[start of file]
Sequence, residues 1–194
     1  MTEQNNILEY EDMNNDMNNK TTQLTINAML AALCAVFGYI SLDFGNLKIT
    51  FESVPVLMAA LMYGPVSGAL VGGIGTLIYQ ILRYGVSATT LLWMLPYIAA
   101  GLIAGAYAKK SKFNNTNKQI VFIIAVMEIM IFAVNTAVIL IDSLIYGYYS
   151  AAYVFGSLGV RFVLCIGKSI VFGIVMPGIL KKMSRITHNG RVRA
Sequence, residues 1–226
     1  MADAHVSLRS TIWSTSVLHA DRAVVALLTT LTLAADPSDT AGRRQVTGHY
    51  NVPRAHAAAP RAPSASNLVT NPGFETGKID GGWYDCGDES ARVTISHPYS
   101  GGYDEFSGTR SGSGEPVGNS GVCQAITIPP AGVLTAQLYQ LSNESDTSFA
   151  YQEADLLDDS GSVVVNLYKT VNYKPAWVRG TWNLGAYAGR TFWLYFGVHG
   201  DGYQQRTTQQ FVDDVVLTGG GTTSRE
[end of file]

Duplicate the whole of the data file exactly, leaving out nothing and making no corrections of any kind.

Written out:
Sequence, residues 1–194
     1  MTEQNNILEY EDMNNDMNNK TTQLTINAML AALCAVFGYI SLDFGNLKIT
    51  FESVPVLMAA LMYGPVSGAL VGGIGTLIYQ ILRYGVSATT LLWMLPYIAA
   101  GLIAGAYAKK SKFNNTNKQI VFIIAVMEIM IFAVNTAVIL IDSLIYGYYS
   151  AAYVFGSLGV RFVLCIGKSI VFGIVMPGIL KKMSRITHNG RVRA
Sequence, residues 1–226
     1  MADAHVSLRS TIWSTSVLHA DRAVVALLTT LTLAADPSDT AGRRQVTGHY
    51  NVPRAHAAAP RAPSASNLVT NPGFETGKID GGWYDCGDES ARVTISHPYS
   101  GGYDEFSGTR SGSGEPVGNS GVCQAITIPP AGVLTAQLYQ LSNESDTSFA
   151  YQEADLLDDS GSVVVNLYKT VNYKPAWVRG TWNLGAYAGR TFWLYFGVHG
   201  DGYQQRTTQQ FVDDVVLTGG GTTSRE